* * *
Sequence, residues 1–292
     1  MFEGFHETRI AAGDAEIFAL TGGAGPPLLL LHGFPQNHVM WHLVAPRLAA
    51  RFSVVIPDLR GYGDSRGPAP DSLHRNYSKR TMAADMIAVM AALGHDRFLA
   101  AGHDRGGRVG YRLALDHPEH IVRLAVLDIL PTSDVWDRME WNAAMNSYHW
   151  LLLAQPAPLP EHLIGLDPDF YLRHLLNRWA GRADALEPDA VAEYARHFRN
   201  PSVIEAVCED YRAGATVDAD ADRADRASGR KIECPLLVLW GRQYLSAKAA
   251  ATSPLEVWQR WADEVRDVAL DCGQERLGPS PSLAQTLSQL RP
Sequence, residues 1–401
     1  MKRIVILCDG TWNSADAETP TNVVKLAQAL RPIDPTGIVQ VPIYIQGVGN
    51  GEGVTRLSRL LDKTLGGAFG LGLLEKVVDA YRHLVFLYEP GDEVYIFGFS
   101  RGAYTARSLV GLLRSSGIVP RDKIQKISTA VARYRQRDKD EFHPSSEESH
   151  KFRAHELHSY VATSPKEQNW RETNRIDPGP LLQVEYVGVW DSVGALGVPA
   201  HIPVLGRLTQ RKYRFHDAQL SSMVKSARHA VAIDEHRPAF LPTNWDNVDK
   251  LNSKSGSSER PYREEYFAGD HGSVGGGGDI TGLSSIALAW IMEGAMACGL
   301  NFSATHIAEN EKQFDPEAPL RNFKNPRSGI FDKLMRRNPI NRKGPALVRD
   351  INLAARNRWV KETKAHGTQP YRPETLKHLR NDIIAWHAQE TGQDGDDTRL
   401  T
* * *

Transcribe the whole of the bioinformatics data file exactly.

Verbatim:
Sequence, residues 1–292
     1  MFEGFHETRI AAGDAEIFAL TGGAGPPLLL LHGFPQNHVM WHLVAPRLAA
    51  RFSVVIPDLR GYGDSRGPAP DSLHRNYSKR TMAADMIAVM AALGHDRFLA
   101  AGHDRGGRVG YRLALDHPEH IVRLAVLDIL PTSDVWDRME WNAAMNSYHW
   151  LLLAQPAPLP EHLIGLDPDF YLRHLLNRWA GRADALEPDA VAEYARHFRN
   201  PSVIEAVCED YRAGATVDAD ADRADRASGR KIECPLLVLW GRQYLSAKAA
   251  ATSPLEVWQR WADEVRDVAL DCGQERLGPS PSLAQTLSQL RP
Sequence, residues 1–401
     1  MKRIVILCDG TWNSADAETP TNVVKLAQAL RPIDPTGIVQ VPIYIQGVGN
    51  GEGVTRLSRL LDKTLGGAFG LGLLEKVVDA YRHLVFLYEP GDEVYIFGFS
   101  RGAYTARSLV GLLRSSGIVP RDKIQKISTA VARYRQRDKD EFHPSSEESH
   151  KFRAHELHSY VATSPKEQNW RETNRIDPGP LLQVEYVGVW DSVGALGVPA
   201  HIPVLGRLTQ RKYRFHDAQL SSMVKSARHA VAIDEHRPAF LPTNWDNVDK
   251  LNSKSGSSER PYREEYFAGD HGSVGGGGDI TGLSSIALAW IMEGAMACGL
   301  NFSATHIAEN EKQFDPEAPL RNFKNPRSGI FDKLMRRNPI NRKGPALVRD
   351  INLAARNRWV KETKAHGTQP YRPETLKHLR NDIIAWHAQE TGQDGDDTRL
   401  T